Book Review | Indiana
Author: N.C. Weyl
I can’t really put my finger on Indiana.
There are a few issues I had with it, such as punctuation and grammar. Not huge, mind you, but it’s there. And, I’m ambivalent about the story development. It just went on for pages and pages with nothing really happening, yet it was entirely readable. But, I realized I was on page 80-something and the actual “story” of the book had not actually happened yet. Now, I knew I was supposed to expect something in the story, so I expected there to be a build-up leading to that point, yet that’s not quite how it read.
Now, that being said, I love how the story is told from the perspective of the different characters, who are very real and very likable, and relatable. And, the story is told pretty well, in that it makes you want to keep reading. I also am fascinated by the time period (the 1930s) as well as the theme of racism.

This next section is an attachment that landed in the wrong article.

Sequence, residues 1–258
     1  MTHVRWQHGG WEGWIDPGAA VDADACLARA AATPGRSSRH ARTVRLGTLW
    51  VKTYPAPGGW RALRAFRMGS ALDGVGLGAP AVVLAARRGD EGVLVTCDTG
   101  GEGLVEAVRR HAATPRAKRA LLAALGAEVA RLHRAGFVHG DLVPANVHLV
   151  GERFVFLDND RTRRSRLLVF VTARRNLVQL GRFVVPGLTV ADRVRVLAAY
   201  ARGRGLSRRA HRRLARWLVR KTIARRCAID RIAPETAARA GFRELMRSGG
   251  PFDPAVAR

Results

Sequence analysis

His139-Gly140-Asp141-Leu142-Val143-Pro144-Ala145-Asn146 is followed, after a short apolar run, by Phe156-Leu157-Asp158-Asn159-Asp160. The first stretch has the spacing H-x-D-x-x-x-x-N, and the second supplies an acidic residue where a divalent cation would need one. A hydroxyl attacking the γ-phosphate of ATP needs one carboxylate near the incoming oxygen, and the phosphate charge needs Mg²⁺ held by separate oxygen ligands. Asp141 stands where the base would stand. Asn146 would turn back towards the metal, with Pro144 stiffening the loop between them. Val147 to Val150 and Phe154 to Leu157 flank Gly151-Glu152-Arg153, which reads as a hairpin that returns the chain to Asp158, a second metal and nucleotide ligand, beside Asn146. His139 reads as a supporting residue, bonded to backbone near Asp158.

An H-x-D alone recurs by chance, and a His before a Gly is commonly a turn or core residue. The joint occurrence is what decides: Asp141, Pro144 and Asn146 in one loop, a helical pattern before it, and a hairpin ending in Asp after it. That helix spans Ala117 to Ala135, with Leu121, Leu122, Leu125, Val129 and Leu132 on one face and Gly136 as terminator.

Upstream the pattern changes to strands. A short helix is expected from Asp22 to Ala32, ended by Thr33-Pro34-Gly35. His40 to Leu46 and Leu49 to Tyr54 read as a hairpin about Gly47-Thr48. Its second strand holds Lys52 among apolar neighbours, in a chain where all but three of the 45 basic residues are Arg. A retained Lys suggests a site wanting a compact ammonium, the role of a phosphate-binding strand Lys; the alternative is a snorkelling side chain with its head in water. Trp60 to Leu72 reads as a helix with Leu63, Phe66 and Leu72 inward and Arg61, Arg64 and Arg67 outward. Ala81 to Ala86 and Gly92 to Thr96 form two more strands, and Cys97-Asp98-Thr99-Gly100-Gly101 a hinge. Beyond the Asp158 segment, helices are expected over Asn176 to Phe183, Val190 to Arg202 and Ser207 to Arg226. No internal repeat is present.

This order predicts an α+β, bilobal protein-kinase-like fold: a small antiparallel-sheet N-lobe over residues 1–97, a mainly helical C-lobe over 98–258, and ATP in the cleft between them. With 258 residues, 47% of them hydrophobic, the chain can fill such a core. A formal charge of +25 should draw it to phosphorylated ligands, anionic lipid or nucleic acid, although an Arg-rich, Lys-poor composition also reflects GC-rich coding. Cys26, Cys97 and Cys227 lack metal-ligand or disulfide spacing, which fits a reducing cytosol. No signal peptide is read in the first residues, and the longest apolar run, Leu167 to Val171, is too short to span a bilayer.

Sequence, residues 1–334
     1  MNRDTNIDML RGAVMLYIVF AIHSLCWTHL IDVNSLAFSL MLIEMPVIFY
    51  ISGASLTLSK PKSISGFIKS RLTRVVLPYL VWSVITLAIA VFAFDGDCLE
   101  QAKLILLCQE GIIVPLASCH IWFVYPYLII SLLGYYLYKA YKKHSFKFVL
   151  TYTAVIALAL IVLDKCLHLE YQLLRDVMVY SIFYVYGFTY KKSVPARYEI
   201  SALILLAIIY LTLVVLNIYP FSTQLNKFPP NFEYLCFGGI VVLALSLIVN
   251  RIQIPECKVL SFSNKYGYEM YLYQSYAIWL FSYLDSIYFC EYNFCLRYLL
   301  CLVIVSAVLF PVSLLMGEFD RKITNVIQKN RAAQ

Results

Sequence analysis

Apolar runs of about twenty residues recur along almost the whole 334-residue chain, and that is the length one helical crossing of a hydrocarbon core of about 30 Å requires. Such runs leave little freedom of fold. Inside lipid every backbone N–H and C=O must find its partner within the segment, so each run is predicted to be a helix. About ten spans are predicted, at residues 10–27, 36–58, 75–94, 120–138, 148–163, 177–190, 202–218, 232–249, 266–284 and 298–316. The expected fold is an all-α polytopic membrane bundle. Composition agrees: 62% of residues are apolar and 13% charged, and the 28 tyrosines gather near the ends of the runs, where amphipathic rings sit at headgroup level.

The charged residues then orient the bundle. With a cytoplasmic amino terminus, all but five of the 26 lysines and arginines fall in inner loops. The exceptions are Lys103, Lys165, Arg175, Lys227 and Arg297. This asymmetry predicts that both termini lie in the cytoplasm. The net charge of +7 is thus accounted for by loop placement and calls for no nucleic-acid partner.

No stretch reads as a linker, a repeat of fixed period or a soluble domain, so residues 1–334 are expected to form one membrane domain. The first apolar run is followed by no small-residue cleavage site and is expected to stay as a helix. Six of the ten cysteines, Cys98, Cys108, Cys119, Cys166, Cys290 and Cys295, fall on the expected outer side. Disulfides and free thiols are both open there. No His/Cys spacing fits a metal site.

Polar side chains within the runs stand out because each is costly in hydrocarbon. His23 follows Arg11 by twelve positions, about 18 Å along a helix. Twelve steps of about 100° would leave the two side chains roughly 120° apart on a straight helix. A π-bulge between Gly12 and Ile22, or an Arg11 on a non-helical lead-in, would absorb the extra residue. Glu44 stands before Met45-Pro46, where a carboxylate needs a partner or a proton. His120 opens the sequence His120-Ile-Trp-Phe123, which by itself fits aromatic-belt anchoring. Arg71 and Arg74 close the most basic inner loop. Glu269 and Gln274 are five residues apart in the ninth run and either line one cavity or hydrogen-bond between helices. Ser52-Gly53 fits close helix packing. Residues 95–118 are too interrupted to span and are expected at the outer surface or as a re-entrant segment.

This book reminds me of To Kill a Mockingbird, in that it is trying to tell an important story with huge implications without making you feel like you’re reading a book about racism, if that makes sense. Unfortunately,Mockingbird is a standard in literature that is nearly impossible to measure oneself against. Of course, Indiana is not Mockingbird, although it does tell its story in a childlike manner, with a pure heart and an innocent view of the world.
In summary, Indiana could use a little tweaking — not a major overhaul, but a little editing. But that’s the only serious complaint about this novel, which tells a compelling story in a unique way.
*I received a copy of this book to review but I was not financially compensated in any way. The opinions expressed are my own and are based on my observations while reading this novel.*